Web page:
With all the rules and principles to be followed as one of Jehovah’s Witnesses, you might justifiably wonder just how they get through the day, because, like it or not, they still have to attend school or go to work where they must rub elbows with “worldly” people.
For children in school being a JW is a heavy burden. It means that they will stand out in the crowd, and not in a good way. For starters, a JW child will likely be dressed like a dork. I’m not totally up on current children’s clothing trends, but when I was in school mini-skirts were the fashion of the day, an immodest garment that would never pass muster at the kingdom hall. So, while all the other girls glided through the school halls with their patooties barely covered, my knees peeked out shyly from beneath the hem of my skirt. My father required me to wear a dress or skirt to school at least 3 times a week, but I could wear pants the other two days. Adding to my humiliation, Daddy felt that at 13 I was too young to shave my legs and wear nylon stockings; I wore knee socks. In this stand he was at odds, apparently, with every other father in the school district, a fact which my observant classmates never failed to point out, repeatedly. I’m just lucky they never beat me up for it.
Children of Jehovah’s Witnesses cannot share in holiday- or patriotic-themed activities, so they’re a pain in the butt for teachers who have to provide an alternative craft project or game for the JW kid in their classroom and excuse the child from any holiday or birthday parties.
JW kids cannot participate in patriotic ceremonies, such as the flag salute (due to political neutrality) and so must make a spectacle of themselves by being excused from the classroom to stand in the hall while the other students perform that rite. I totally lucked out in this regard, my JW school years occurring at the end of the Vietnam War and during the Watergate scandal, when most of the country was angry with the government. We never did the pledge in my school. Until one day when I was taken by surprise at a school assembly that occurred on Flag Day.
We were all assembled in the auditorium for some announcements when the principal ambushed us with the national anthem. Everyone else rose to their feet, but I remained seated. That’s protocol for JWs. Unhappily for me, I was conspicuously seated on the aisle. A teacher saw me showing apparent disrespect and angrily hissed at me, “Stand up!” My school friends, likewise, tried to get me to stand up. Since this issue had never arisen before, I had never explained it, so they didn’t understand.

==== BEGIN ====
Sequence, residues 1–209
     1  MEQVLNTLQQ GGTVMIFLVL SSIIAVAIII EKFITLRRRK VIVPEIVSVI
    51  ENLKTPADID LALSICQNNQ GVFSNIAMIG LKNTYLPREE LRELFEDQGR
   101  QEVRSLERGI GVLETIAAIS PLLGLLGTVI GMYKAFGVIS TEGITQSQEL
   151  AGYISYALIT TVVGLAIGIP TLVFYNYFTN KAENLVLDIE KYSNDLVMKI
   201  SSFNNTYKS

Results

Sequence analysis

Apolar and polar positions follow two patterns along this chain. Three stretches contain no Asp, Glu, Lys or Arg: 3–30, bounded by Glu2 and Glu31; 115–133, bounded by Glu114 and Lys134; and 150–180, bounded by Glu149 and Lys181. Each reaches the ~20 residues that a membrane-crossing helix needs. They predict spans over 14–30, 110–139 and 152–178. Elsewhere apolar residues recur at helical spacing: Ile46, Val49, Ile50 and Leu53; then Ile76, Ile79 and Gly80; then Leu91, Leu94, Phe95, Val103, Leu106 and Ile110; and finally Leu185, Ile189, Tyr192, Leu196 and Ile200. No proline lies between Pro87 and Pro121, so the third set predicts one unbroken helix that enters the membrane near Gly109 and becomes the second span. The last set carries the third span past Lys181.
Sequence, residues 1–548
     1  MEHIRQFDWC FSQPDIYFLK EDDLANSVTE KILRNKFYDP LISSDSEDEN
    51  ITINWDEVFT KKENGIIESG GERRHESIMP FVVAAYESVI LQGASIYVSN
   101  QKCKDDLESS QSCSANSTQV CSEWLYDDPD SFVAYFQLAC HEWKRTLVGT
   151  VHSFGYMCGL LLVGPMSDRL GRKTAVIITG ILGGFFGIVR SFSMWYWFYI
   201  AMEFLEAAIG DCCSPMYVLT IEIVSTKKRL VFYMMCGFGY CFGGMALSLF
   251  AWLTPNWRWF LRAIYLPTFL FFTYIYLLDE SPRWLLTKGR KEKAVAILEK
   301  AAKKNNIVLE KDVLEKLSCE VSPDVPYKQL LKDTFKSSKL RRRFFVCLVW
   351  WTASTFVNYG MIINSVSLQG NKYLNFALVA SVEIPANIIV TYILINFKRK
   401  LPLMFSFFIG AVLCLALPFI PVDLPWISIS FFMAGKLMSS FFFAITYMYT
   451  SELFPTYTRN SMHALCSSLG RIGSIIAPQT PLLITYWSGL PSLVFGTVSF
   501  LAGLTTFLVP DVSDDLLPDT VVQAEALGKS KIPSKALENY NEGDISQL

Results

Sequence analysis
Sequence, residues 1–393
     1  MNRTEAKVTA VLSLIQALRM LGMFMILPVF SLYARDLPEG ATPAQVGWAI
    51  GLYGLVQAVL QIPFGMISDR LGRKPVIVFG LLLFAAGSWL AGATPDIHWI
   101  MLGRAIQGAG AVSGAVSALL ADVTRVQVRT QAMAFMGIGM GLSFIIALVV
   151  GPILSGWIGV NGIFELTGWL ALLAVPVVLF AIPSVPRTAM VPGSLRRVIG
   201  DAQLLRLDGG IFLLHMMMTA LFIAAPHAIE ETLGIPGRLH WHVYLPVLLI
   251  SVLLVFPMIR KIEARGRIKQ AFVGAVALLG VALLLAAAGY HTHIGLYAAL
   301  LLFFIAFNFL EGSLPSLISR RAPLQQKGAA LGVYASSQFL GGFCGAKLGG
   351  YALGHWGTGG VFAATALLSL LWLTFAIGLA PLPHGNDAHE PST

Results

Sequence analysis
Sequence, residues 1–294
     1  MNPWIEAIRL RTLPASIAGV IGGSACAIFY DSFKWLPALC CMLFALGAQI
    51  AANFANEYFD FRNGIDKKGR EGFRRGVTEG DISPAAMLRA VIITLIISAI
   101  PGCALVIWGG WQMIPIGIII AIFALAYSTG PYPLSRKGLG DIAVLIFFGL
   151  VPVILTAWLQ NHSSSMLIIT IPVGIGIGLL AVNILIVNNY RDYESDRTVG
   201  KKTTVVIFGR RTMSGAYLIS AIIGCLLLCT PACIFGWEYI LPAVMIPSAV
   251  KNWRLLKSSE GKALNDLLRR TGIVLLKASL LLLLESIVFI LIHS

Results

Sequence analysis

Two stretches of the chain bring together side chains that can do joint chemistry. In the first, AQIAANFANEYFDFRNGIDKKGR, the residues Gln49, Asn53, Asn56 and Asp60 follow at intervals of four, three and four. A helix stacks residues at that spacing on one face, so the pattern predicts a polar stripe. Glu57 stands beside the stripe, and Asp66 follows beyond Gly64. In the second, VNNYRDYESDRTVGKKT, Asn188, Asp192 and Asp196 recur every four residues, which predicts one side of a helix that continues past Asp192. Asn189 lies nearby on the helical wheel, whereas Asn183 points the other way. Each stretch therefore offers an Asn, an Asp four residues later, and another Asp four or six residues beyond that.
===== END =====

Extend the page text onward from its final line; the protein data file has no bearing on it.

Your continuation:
Then, the principal wanted everyone to recite the Pledge of Allegiance. Now, that one I was able to stand for, but I wouldn’t put my hand over my heart or say the words. At least now I wasn’t the only one seated in a crowd of 1200. After the assembly I had to explain my behavior to the teacher and my friends.
JW children have the most boring entries in the class yearbook. That’s because they can’t participate in any extra-curricular activities. Period. No sports, no student council, no prom committee (and no prom), no cheerleading, no nothing. It’s straight home and do your homework. Oh, and prepare for the next meeting at the kingdom hall.
It’s a little easier for adult JWs in the workplace. Mostly, you just look like a bad sport. You can’t sign the birthday cards, you can’t sing “Happy Birthday” or eat the cake, you can’t participate in Secret Santa or attend the office Christmas party, you can’t buy Girl Scout cookies (it’s a paramilitary organization, don’t you know), and you can’t go with the gang after work to…whatever. I did that once (yes, I broke the rules, although that one has a little wiggle room) and paid for it dearly.
I had a coworker, Gerri, who was a twice-divorced single mother barely scraping by. Her parents, as she had told me, were JWs in another state. She was about to remarry one of her exes, and we all chipped together to take her out to dinner to celebrate. Wanting to be supportive and possibly help her into the cult (glad I didn’t succeed there!) I agreed to go to dinner with them. We had a fun evening together, and one of the other girls planned to drive Gerri (who didn’t have a car) and me home. We were only about 2 miles from the restaurant when another driver turned left, crossing our lane and attempting to occupy the same space as our car.
I wasn’t belted in (the belt was underneath the seat somewhere, this was 1982) and was catapulted into the windshield at 25 miles per hour. Ouch! I thought I had broken my neck. Everyone else, in both cars, was unharmed. An ambulance was called, and I went to the ER. Everything was fine, but I had broken a bunch of blood vessels under the skin and my forehead filled up with blood – I looked like an alien. It took months for that blood to drain down through my face and be absorbed, so I went about my days looking like I had been tattooed by a drunken Maori. I didn’t believe that the accident was judgment from Jehovah, but you can be sure that I buckled up without fail after that. And I never went out with my coworkers again. No sense tempting the Almighty.
I was in the seventh grade when my parents started to study with Jehovah’s Witnesses, so I can’t write with authority about the long-term effects of attending school as a JW child, but I know from reading others’ accounts, there is lasting damage to the psyche. Surviving the adult work world as a JW is pretty much just tiring and a bit uncomfortable at times. It has been such a relief, since I left the cult, to be able to participate in birthdays and holidays. In fact, a couple of Christmases ago, nobody else showed any interest in decorating the office tree, so I recruited an Indian coworker to help me, and between us, the ex-JW and the Hindu decked the halls that year.